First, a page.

Gravitational Waves Current Affairs

2017 Nobel Prize in physics goes to the discovery of Gravitational Waves

The Royal Swedish Academy of Sciences has selected three American scientists Rainer Weiss, Barry C. Barish and Kip S. Thorne for the 2017 Nobel Prize in Physics.

They were selected for their decisive contributions to the LIGO (Laser Interferometer Gravitational wave Observatory) detector and the observation of gravitational waves.

Dr. Weiss — born in Berlin and now a US citizen received half the prize. The remaining half was shared equally by two Caltech scientists — Dr. Barish, Professor of Physics and Dr. Thorne, Professor of Theoretical Physics

Gravitational waves

Gravitational waves are ripples curvature of spacetime which propagate as waves, travelling outward from source at the speed of light. Strongest sources of gravitational waves are among produced by catastrophic events such as colliding black holes.

Gravitational waves were first predicted in 1916 by Albert Einstein on basis of his Theory of General Relativity. They were detected  for by US LIGO laboratory in 2015. Since then three more examples have been detected.

Gravitational waves transport energy as gravitational radiation and pass through matter without interacting with it. Information extracted from gravitational waves may help to address unsolved questions and mysteries of physics and astronomy. ‎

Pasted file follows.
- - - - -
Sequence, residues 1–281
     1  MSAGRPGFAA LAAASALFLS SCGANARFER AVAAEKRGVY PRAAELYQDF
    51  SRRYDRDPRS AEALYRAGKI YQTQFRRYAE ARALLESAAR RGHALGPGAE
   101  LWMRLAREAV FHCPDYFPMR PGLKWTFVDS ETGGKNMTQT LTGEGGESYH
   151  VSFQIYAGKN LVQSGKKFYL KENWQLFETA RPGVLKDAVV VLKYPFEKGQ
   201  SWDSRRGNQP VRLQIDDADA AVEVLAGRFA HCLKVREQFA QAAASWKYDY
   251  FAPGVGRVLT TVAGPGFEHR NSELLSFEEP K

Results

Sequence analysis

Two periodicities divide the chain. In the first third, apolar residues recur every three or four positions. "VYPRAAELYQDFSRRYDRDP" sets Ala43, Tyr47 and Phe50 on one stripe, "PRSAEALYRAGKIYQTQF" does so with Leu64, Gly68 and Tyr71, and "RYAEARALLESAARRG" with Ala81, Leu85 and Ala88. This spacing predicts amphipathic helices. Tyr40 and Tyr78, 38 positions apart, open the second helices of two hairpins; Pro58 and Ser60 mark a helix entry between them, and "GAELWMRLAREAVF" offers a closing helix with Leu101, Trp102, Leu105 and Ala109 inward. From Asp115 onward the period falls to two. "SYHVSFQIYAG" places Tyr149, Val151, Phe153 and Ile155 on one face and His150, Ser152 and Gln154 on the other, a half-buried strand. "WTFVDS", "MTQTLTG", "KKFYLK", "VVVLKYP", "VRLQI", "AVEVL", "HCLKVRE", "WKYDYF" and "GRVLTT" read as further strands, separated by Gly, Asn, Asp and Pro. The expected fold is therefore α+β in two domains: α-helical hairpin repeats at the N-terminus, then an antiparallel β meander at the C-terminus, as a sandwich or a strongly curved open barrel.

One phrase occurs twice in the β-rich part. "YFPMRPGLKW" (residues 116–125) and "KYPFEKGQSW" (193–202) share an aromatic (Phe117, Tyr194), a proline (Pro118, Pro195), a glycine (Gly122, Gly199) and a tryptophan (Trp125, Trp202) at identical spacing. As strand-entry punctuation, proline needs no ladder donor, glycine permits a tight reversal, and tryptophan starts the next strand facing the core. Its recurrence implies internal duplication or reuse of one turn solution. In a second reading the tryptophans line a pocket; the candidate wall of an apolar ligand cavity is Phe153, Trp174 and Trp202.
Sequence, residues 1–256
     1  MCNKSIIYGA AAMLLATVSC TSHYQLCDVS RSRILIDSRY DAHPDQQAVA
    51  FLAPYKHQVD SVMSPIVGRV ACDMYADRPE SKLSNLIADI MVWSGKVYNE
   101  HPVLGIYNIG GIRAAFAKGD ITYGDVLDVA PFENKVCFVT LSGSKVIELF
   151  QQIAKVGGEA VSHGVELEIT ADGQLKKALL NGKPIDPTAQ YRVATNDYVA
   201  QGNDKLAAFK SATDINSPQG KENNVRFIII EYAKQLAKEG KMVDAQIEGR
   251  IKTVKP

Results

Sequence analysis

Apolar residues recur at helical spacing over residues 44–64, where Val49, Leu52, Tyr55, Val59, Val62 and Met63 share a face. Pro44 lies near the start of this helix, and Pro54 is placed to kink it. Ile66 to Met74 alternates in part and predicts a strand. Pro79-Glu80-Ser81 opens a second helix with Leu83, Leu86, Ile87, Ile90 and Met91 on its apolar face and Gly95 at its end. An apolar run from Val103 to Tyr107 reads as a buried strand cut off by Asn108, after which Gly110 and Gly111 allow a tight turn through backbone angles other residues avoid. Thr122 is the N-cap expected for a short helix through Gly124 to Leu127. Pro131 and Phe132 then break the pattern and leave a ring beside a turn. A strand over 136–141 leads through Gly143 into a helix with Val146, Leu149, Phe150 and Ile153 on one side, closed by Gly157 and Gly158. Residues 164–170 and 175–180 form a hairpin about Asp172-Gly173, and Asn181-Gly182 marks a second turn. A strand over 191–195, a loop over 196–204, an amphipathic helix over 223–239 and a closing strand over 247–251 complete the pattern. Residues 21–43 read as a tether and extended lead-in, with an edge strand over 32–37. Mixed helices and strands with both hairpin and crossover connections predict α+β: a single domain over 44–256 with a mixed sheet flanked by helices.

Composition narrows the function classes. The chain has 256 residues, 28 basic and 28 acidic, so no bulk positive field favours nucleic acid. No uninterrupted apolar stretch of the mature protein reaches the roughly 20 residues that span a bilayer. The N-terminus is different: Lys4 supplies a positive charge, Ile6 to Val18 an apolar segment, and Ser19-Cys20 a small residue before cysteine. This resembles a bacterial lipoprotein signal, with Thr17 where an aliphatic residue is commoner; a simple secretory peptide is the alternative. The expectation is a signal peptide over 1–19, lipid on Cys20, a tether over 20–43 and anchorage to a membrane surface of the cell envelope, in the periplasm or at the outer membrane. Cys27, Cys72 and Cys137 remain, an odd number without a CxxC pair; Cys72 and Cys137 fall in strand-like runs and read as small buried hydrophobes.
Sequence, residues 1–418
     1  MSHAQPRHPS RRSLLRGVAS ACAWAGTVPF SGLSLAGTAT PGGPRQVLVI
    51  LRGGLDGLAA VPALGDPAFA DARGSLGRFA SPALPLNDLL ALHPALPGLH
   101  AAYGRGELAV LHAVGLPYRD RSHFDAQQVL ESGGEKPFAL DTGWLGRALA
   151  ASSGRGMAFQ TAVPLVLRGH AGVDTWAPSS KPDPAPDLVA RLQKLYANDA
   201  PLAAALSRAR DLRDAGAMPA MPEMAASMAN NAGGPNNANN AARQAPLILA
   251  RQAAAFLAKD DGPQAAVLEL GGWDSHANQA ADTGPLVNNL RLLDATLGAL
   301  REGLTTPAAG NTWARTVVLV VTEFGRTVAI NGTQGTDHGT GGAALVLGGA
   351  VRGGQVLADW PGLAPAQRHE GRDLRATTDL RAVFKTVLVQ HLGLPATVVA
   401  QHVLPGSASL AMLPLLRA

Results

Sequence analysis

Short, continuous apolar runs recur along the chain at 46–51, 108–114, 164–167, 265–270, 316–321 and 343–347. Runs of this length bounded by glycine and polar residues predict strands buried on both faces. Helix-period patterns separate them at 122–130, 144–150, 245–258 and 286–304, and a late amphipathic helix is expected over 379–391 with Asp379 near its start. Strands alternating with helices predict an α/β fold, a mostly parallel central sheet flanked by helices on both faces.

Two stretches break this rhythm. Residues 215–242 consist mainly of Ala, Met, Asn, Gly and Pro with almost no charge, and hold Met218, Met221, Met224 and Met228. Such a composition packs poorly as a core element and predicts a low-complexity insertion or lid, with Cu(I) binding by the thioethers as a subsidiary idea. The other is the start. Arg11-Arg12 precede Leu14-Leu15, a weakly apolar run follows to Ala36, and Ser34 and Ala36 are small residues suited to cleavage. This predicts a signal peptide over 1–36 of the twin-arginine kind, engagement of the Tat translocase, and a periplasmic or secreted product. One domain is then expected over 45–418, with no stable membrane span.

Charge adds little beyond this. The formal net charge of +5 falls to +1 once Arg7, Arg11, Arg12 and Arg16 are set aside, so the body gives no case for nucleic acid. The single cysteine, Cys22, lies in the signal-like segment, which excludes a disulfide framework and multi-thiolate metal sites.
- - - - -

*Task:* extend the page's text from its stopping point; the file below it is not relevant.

LIGO

LIGO is world’s largest gravitational wave observatory. ‎It comprises two enormous laser interferometers located thousands of kilometers apart. ‎It helps to detect and understand the origins of gravitational waves. The Interferometers used in LIGO work by merging two or more sources of light to create interference pattern, which can be measured and analyzed.

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Scientists detect Gravitational waves for fourth time

Scientists have successfully detected gravitational waves for fourth time coming from merger of two massive black holes. It was for first time, these waves were simultaneously detected by US-based Laser Interferometer Gravitational-wave Observatory (LIGO) and Italy-based Virgo detectors. The first two detection were made in September and December 2015 in quick succession and for third time it was detected in January 2017.

Key Facts

The recently detected gravitational waves were emitted during final moments of merger of two black holes  located about 1.8 billion light-years away with masses about 31 and 25 times mass of Sun. The newly produced spinning black hole has about 53 times mass of our sun i.e. about 3 solar masses were converted into gravitational-wave energy during merger.

Gravitational Waves

Gravitational waves are ripples curvature of spacetime which propagate as waves, travelling outward from source at the speed of light. They transport energy as gravitational radiation and pass through matter without interacting with it. Gravitational waves were first predicted in 1916 by Albert Einstein on the basis of his Theory of General Relativity. Strongest sources of gravitational waves are among enigmatic objects in our universe like black holes, supernova, neutron stars and Big Bang. Information extracted by these transmitted waves may help to address unsolved questions and mysteries of physics and astronomy.

Note: Russel Hulse and Joseph Taylor had discovered indirect evidence for existence of gravitational waves emitted from decaying orbital period of objects called binary pulsars in 1974,. Both of them for their discovery were awarded the Nobel Prize in Physics in 1993.

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